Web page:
The Iron Monger is an identity used by several fictional supervillains published by Marvel Comics. The identity's first and most notable incarnation Obadiah Stane first appeared in Iron Man #163 (October 1982), created by Dennis O'Neil and Luke McDonnell, while the Iron Monger armor first appeared in Iron Man #200 (November 1985).
- 1 Publication history
- 2 Fictional character biography
- 3 Powers and abilities
- 4 Other versions
- 5 In other media
- 6 References
- 7 External links
Fictional character biography
Obadiah Stane in the Iron Monger armor,
artist Mark Bright
|First appearance||(Obadiah Stane)
Iron Man #163
Iron Man #200
|Created by||Dennis O'Neil (writer)
Luke McDonnell (artist)
|Alter ego||Obadiah Stane|
|Team affiliations||The Chessmen
When Obadiah was a child, his father Zebediah Stane was a degenerate gambler and Obadiah's mother died of unknown reasons. One day, his father considered himself on a "lucky streak" and played a game of Russian roulette and shot himself in the head while his young son watched. This trauma caused Obadiah to go bald, and shaped his outlook on life. From then on, Stane was a ruthless manipulator who studied his adversaries to find weaknesses to exploit. Stane enjoys chess, and lives his life with the same kind of methodical logic that he uses in the game. In addition, he is a strong believer in using psychological manipulation to his advantage. For instance, in a childhood chess match against another boy whose skill at least equaled his own, he killed the boy's dog so that the other would be distracted from the game.
In adulthood, Obadiah Stane becomes the President and CEO of his own company (Stane International) as a munitions dealer. He also goes into business with Howard Stark. After the elder Stark died in a car accident, Stane turns his sights on acquiring control of Stark International, the industrial corporation he had worked with, now owned by Tony Stark (Howard's son). Stane has his agents - known as the Chessmen - attack Stark Industries and assault James Rhodes (Tony's confidant). He also confronts the younger Stark in person. Stane also sets up Indries Moomji as Stark's lover without Stark knowing that Moomji is actually the Chessmen's Queen. Meanwhile, Stane and his associates conspire to lock Stark International out of various business deals. Stark eventually learns that Stane is the mastermind behind these attacks, but is unable to confront him. The assaults on Stark, his business, and his friends push Stark to the edge, and he relapses into alcoholism. With S.H.I.E.L.D.'s help, Stane buys out Stark International, which he then renames Stane International. Stark, having fallen off the wagon, relinquishes his armor to Rhodes and disappears to be a homeless vagrant. Rhodes becomes the new Iron Man while ignoring Stane's demands to relinquish the armor. Rhodes eventually thwarts Stane in his attempt to take over the Iron Man battle-suits.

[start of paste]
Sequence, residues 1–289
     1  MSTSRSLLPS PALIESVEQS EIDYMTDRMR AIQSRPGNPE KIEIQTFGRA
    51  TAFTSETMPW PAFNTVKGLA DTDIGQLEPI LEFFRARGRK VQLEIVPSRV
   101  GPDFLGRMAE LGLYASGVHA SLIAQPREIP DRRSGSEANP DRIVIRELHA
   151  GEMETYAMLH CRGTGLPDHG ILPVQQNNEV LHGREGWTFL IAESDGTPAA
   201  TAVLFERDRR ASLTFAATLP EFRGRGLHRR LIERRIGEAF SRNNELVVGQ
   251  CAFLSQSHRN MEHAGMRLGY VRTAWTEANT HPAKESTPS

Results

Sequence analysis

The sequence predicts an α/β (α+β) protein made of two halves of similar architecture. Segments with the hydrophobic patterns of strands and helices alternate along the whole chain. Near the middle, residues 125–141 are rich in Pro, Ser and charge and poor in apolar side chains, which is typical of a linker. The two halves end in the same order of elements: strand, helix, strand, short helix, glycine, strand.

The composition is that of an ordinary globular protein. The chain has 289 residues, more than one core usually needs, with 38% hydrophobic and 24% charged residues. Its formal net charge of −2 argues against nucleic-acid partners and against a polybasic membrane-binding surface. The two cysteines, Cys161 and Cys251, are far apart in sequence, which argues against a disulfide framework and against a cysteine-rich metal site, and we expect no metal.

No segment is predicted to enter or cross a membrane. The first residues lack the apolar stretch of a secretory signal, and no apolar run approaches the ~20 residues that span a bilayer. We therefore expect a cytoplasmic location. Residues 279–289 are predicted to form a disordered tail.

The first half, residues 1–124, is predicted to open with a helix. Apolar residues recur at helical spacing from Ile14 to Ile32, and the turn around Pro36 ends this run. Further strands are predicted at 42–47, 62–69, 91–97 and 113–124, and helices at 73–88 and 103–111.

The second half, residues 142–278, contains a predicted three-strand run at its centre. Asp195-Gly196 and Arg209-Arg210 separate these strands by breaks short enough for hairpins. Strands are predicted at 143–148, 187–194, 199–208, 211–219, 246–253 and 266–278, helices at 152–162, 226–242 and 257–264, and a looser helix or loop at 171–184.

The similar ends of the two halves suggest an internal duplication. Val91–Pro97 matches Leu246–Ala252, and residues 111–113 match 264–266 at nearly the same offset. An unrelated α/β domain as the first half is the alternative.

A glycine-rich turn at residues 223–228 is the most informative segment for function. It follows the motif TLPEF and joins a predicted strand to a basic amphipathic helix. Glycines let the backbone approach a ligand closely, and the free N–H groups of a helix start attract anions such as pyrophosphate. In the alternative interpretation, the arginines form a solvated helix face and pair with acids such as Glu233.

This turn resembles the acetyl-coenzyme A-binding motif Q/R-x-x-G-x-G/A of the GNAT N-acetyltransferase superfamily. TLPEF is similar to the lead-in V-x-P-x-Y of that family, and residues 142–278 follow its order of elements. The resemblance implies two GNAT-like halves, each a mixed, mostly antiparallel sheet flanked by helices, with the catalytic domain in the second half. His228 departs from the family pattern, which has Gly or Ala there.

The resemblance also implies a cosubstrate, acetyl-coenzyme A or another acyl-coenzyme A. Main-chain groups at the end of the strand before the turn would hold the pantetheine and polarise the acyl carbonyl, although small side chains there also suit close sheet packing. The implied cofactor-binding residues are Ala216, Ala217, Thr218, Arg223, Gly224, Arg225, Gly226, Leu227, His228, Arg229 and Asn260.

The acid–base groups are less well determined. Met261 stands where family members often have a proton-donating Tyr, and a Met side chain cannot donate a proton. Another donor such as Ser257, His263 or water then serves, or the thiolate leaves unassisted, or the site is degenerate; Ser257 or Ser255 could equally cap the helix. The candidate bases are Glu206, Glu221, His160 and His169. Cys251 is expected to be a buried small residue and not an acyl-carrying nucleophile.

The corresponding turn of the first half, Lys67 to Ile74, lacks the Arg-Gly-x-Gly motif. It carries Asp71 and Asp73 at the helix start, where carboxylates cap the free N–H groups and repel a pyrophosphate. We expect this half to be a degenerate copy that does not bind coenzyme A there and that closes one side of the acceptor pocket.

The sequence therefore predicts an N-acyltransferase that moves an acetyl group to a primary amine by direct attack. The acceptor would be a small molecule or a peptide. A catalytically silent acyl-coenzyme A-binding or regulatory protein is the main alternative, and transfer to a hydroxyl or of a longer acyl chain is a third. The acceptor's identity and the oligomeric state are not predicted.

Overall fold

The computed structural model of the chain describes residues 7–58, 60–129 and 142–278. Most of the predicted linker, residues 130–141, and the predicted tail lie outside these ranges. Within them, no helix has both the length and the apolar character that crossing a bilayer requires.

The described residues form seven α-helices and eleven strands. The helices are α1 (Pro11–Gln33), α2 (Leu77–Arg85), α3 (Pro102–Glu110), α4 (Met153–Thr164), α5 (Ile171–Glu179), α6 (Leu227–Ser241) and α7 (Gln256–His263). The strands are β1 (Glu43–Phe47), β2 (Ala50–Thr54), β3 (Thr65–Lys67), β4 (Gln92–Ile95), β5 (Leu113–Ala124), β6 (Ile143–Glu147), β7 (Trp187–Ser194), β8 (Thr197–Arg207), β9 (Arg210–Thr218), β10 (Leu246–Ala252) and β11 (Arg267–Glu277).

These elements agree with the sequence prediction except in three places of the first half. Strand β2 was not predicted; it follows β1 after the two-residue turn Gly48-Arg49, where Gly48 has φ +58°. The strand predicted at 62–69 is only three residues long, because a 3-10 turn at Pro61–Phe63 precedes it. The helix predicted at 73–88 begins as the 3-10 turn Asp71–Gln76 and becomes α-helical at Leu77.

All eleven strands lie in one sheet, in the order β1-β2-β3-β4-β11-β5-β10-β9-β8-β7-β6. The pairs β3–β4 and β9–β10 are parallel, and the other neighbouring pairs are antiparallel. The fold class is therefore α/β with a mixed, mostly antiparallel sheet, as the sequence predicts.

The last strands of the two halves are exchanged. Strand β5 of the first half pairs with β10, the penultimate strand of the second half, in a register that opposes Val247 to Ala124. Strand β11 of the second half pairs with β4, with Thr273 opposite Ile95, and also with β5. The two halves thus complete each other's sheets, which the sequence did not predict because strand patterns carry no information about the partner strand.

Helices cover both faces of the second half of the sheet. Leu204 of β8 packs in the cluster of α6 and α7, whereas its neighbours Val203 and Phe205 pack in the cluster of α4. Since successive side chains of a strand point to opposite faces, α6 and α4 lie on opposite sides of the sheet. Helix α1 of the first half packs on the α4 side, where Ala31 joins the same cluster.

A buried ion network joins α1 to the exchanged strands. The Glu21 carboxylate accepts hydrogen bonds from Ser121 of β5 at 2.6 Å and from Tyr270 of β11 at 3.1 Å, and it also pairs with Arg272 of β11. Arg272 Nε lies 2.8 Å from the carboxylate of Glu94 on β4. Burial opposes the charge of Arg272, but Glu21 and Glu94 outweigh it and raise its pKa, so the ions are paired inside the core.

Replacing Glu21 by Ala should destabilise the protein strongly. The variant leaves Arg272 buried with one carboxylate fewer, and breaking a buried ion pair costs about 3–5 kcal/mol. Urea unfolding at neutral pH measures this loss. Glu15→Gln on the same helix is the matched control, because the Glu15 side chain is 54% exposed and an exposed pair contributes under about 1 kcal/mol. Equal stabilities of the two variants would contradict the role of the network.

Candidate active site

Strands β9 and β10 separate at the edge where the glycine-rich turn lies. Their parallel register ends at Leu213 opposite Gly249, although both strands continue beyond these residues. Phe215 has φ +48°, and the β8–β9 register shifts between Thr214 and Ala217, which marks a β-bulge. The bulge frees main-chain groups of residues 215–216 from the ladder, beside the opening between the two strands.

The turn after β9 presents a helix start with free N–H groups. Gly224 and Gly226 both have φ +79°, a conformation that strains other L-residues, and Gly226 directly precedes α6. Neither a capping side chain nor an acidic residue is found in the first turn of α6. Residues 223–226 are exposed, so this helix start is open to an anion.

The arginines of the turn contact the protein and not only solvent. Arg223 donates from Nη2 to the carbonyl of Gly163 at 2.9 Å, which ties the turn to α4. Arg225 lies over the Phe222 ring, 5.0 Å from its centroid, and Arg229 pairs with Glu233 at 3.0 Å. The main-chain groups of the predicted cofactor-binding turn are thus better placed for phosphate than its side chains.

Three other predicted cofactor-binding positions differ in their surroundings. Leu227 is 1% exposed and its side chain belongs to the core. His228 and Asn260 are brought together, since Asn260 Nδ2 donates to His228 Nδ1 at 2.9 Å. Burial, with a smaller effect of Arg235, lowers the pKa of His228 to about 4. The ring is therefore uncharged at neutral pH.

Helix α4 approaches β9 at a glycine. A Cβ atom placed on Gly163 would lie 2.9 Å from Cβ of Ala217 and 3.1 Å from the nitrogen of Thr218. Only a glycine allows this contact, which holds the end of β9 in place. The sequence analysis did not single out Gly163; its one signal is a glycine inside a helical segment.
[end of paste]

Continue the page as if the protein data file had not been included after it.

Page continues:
Looking through Stark Enterprises' records, Stane discovers Stark's notes on the Iron Man armor. The notes are incomplete and highly advanced, but Stane assigns a team of scientists to decipher them; they eventually create the Iron Monger armor which, according to Stane, is "far superior to Stark's Iron Man armor". He even considers selling the suit to the highest bidder or creating an army of Iron Mongers, using them to "take over any country he wanted".
While living on the streets, Stark befriends pregnant homeless woman Gertl Anders. After she dies in childbirth, Stark promises to protect the child. This vow helps Stark overcome his alcoholism. When Stark recovers, he joins Rhodes and the Erwin twins (Morley and Clytemnestra) in starting a new company in Silicon Valley, which is then dubbed Circuits Maximus. Stark builds a new prototype armor, resembling his original gray suit, in order to test new designs; Stark ends up using the armor to stop an out-of-control Rhodes, and then to assist the West Coast Avengers against Doctor Demonicus, while using the Avengers' facilities to construct an advanced armor, the Silver Centurion.[volume & issue needed]
Realizing that Stark is once again a potential threat, Stane orders Bethany Cabe's abduction, and plans an attack to take out Iron Man, whom Stane believes is currently either Rhodes or one of the Erwins. He sends an attack drone known as the Circuits Breaker to destroy Iron Man, but both Rhodes and Stark are able to defeat it. Stane further plots against Stark by switching the minds of Masque and Cabe, and by abducting Stark's old friends Happy Hogan, Pepper Potts and Bambi Arbogast. Stane eventually detonates a bomb planted inside the Circuits Maximus dome, killing Morley while wounding Rhodes and Clytemnestra.